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Musa Talluzi

Unit testing constraints with business input from Excel or LibreOffice

The business experts explain the business constraints to us, the developers. But how can we be sure that we understood them correctly? Or worse, how can we test that they agree among themselves once the constraints are formalized?

Well, there’s one great way to do that: JUnit tests populated by *.xlsx data. We allow them to recreate a small subset of the solution in Excel/LibreOffice and let them decide how many constraints match. Then our JUnit tests check if our constraint implementations adhere to those requirements.

Traditional unit tests

In Conference Scheduling example, to test room conflict constraint (hard penalty per pair of talks in the same room in overlapping timeslots) write:

public void roomConflict() {
    TalkType talkType = new TalkType(0L, "type1");
    Talk talk1 = new Talk(1L)
    Talk talk2 = new Talk(2L)
    LocalDateTime start1 = LocalDateTime.of(2018, 1, 1, 9, 0);
    LocalDateTime end1 = LocalDateTime.of(2018, 1, 1, 10, 0);
    LocalDateTime start2 = LocalDateTime.of(2018, 1, 1, 9, 30);
    LocalDateTime end2 = LocalDateTime.of(2018, 1, 1, 10, 30);
    LocalDateTime start3 = LocalDateTime.of(2018, 1, 1, 10, 0);
    LocalDateTime end3 = LocalDateTime.of(2018, 1, 1, 11, 0);
    Timeslot slot1 = new Timeslot(1L)
    Timeslot slot2 = new Timeslot(2L)
    Timeslot slot3 = new Timeslot(3L)
    Room room1 = new Room(1L)
    ConferenceSolution solution = new ConferenceSolution(1L)
    scoreVerifier.assertHardWeight(ROOM_CONFLICT, 0, solution);
    // Talks in same room without overlapping time slots
    scoreVerifier.assertHardWeight(ROOM_CONFLICT, 0, solution);
    // Talks in same room with overlapping time slots
    scoreVerifier.assertHardWeight(ROOM_CONFLICT, -10, solution);

In order to test room conflict, you need to initialize two talks, three timeslots and one room. However, the previous snippet of code is too long for such a simple unit test, most of the boilerplate code is for initializing required fields for the conference solution that you do not need for the unit test, and you must do that for every single unit test. For more complex constraints, it gets too cumbersome to write traditional unit tests and reason about them.

Unit tests in xlsx files

In order to avoid initializing unwanted fields, you can take advantage of ConferenceSchedulingXlsxFileIO to initialize them for you, and only write what you use in that test or in other tests in the same spreadsheet.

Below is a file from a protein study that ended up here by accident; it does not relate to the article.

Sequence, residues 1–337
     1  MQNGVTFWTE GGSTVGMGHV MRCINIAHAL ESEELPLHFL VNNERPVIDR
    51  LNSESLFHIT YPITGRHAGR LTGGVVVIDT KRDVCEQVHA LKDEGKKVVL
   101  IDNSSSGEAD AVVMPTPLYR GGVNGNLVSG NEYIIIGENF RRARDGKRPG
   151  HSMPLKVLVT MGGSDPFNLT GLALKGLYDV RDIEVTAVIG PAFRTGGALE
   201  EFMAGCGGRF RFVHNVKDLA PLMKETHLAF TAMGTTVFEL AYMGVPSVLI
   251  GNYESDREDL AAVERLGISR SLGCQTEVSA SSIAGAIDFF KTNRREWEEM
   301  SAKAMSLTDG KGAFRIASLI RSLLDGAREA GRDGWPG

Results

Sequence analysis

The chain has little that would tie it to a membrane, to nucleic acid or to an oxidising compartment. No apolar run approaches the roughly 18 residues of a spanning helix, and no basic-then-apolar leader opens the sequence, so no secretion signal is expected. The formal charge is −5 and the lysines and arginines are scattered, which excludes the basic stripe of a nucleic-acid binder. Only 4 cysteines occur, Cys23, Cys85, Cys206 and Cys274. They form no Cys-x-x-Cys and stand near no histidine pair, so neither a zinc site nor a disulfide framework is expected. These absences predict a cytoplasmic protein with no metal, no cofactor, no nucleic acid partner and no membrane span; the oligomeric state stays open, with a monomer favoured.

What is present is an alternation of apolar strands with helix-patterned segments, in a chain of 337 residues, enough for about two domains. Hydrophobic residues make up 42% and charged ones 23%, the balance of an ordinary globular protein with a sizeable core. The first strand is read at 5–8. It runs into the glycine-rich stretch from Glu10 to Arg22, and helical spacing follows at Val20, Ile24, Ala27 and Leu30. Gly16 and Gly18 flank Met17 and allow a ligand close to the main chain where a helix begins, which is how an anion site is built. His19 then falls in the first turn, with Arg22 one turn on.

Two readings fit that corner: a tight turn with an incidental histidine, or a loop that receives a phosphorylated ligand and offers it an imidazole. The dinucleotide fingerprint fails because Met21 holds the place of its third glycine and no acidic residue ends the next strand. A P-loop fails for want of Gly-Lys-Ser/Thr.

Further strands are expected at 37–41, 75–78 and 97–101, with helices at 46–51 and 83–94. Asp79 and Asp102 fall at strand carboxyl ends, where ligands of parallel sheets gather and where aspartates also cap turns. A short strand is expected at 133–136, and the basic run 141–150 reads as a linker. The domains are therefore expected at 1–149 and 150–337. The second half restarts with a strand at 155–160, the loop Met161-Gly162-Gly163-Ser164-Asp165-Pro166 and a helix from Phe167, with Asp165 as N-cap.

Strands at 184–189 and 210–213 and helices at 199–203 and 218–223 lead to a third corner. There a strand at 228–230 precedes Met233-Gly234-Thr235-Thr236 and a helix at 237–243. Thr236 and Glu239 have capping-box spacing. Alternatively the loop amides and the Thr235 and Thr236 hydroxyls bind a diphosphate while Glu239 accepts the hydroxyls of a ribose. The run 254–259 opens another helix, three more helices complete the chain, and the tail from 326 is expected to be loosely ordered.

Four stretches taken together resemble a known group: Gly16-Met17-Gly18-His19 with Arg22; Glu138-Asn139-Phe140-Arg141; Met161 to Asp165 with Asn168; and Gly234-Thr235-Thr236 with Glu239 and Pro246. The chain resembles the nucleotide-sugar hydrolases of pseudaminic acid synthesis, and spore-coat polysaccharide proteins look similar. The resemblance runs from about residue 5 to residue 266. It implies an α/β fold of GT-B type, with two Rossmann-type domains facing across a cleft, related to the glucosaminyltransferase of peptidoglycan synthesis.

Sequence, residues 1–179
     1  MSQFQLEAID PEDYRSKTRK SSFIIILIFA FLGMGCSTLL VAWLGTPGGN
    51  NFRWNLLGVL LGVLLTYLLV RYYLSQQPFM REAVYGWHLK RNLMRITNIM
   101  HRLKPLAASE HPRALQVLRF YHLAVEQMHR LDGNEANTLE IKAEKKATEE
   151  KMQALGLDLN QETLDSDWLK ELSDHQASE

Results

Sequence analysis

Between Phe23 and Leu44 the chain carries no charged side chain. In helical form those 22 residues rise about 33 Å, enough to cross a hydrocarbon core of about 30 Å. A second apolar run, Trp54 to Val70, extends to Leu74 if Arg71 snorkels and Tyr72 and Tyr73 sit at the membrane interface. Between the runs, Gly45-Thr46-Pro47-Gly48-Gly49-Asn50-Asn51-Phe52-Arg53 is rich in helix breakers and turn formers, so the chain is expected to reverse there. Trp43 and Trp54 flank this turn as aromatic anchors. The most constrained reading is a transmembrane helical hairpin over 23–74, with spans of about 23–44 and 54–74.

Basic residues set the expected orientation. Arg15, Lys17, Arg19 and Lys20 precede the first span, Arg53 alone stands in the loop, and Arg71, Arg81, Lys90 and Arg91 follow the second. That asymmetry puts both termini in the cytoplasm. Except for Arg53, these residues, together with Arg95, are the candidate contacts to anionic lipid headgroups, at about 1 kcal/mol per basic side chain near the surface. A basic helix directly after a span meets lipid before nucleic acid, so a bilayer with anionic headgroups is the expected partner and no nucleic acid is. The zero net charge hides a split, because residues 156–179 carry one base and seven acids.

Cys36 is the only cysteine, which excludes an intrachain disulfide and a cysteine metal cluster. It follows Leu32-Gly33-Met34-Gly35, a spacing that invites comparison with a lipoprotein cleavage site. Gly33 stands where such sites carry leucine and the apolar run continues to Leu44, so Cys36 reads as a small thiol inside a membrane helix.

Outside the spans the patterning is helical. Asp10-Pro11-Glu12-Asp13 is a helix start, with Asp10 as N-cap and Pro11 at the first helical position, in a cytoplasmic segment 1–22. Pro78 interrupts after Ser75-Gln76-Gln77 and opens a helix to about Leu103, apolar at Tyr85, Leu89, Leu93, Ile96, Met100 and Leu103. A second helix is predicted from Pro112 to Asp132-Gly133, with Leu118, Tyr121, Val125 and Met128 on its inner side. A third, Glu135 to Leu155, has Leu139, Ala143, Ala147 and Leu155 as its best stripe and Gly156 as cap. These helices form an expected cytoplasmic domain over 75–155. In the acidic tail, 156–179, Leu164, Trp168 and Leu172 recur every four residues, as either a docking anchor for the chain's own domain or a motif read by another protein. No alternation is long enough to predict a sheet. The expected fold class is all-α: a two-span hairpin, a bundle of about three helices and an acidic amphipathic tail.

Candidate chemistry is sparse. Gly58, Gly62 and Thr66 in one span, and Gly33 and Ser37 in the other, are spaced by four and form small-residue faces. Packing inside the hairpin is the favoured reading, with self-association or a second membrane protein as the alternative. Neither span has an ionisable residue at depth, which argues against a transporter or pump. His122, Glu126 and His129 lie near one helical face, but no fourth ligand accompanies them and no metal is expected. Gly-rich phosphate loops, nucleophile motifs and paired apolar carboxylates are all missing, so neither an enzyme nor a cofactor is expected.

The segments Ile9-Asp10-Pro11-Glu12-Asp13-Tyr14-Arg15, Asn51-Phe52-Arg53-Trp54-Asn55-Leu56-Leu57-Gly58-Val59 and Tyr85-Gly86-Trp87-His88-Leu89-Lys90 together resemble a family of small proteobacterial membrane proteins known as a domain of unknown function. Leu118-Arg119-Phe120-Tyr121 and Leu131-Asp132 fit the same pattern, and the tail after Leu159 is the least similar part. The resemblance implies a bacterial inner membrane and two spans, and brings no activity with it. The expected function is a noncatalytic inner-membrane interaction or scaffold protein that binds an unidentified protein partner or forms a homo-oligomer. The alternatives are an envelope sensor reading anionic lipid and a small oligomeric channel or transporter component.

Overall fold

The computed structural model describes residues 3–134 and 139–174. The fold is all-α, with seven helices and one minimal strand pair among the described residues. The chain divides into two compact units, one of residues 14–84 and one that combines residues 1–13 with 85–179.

To test room conflict using an xlsx file, create three timeslots, two talks and one room:

Unit testing

Unit testing

Unit testing

After you initialize the required fields, create a separate sheet for every score verification of each constraint. For example, these 2 sheets check the room conflict constraint:

Unit testing

Unit testing

In every test sheet (blue color), specify the constraint package, constraint name, description of current test scenario and expected score. Then assign the talks to rooms and timeslots to visualize them easily. Note that you do not need to list all the timeslots and rooms declared in Timeslots and Rooms sheets.


Instead of writing unit tests in code, business experts can specify how they want the constraints to be matched in an Excel/LibreOffice file. Developers then implement the constraints to pass these tests. This provides a more efficient way of communication between developers and domain experts.

To test score rules in an xlsx file:

  1. List all the required fields for your tests in the setup sheets.
  2. For every score verification, create a separate blue test sheet with the constraint package, constraint name and expcted score.
  3. List only the fields that you want to use for the corresponding rule.
  4. Set testFileName in ConferenceSchedulingScoreRulesXlsxTest and run the test file.

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Published on Java Code Geeks with permission by Musa Talluzi, partner at our JCG program. See the original article here: Unit testing constraints with business input from Excel or LibreOffice

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